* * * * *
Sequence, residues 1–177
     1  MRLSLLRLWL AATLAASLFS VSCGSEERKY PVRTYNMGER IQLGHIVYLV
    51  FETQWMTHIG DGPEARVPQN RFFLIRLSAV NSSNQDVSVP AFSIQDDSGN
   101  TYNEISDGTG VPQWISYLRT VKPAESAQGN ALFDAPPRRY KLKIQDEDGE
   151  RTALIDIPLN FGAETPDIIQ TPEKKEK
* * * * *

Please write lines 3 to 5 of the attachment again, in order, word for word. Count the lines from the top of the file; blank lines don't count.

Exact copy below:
    51  FETQWMTHIG DGPEARVPQN RFFLIRLSAV NSSNQDVSVP AFSIQDDSGN
   101  TYNEISDGTG VPQWISYLRT VKPAESAQGN ALFDAPPRRY KLKIQDEDGE
   151  RTALIDIPLN FGAETPDIIQ TPEKKEK